Commissioner Rob Manfred Eyes MLB Expansion To 32 Teams: Is Your City On The List?
on Jul 19, 2018 09:12 AM EDT
Major League Baseball commissioner Rob Manfred is not closing in on the possibility of expanding the league to 32 teams.
Manfred, who has been taking an aggressive approach on hosting international games, said that among of his goals as a commissioner is to expand the sport beyond its current state. Among the places that are viable in terms of baseball include Portland, Las Vegas, Nashville, and Charlotte.
The commissioner also added that they are hoping to have teams from Montreal and Vancouver in Canada. Additionally, Manfred hinted that they might be going over to Mexico in the near future to look for places who can adapt to the game.
"Okay, look, I hope I'm around long enough to see us expand. I really do. I think 32 would be great for our sport," Manfred said.
Manfred revealed that a 32-team field would allow the MLB to figure out a format of eight four-team divisions. In addition, it would also change the postseason format as well as make the scheduling of games easier.
The Present State Of MLB
Currently, the league is made up of 30 teams such as Tampa Bay Rays, Oakland Athletics, Baltimore Orioles, Boston Red Sox, Chicago White Sox, Cleveland Indians, Detroit Tigers, Houston Astros, Kansas City Royals, Los Angeles Angels, Minnesota Twins, and the New York Yankees. Completing the American League are the Seattle Mariners, Texas Rangers, and the Toronto Blue Jays.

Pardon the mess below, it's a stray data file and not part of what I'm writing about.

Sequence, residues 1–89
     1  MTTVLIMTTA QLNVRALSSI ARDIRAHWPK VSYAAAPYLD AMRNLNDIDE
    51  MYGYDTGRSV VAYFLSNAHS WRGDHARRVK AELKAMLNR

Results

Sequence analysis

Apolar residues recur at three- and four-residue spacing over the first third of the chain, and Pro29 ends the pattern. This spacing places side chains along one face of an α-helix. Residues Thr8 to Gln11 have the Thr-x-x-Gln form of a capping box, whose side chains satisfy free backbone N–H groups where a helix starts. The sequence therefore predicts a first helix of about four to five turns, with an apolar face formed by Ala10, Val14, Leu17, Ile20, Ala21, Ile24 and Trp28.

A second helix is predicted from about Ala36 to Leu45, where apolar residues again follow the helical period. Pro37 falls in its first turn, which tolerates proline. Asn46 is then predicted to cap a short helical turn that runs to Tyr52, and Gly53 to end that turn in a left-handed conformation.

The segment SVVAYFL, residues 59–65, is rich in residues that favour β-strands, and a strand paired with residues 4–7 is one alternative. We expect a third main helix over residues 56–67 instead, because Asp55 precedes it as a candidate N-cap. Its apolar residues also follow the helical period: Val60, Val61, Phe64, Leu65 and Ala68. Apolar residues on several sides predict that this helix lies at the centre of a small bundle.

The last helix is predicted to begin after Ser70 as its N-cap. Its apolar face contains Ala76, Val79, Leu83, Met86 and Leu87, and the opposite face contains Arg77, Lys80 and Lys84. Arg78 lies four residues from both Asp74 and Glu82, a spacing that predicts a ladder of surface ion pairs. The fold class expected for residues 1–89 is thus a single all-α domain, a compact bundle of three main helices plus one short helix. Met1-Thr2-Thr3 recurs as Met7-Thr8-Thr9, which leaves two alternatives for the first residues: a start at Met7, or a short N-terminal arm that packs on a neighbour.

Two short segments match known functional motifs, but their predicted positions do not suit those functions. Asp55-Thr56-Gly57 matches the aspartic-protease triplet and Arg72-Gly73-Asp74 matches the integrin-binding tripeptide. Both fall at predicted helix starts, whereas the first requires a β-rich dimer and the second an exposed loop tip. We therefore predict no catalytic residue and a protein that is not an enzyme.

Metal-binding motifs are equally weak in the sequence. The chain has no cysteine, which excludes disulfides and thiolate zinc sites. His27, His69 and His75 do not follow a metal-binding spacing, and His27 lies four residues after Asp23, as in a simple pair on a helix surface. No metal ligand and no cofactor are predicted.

On the other hand, the National League is comprised of the Arizona Diamondbacks, Atlanta Braves, Chicago Cubs, Cincinnati Reds, Colorado Rockies, Los Angeles Dodgers, Miami Marlins, and the Milwaukee Brewers. Other teams include the New York Mets, Philadelphia Phillies, Pittsburgh Pirates, San Diego Padres, San Francisco Giants, St. Louis Cardinals, and the Washington Nationals.
MLB Has More Work To Do
Nonetheless, MLB will need to secure new ballparks for the Oakland Athletics and Tampa Bay Rays before expanding the league. CBS Sports journalist R.J. Anderson added that the league is unlikely to sacrifice the leverage of having alternate markets.
Meanwhile, Manfred also defended the legalization of gambling by the league, citing that the game of gambling can drive the engagement of fans. He added that the league is just taking full advantage of the fan engagement opportunity without undermining the sport.
"No rap on state regulators, but when it comes to Major League Baseball, we don't delegate integrity to anybody else. It's our responsibility, and we intend to accept that responsibility. So that's the challenge," Manfred closed.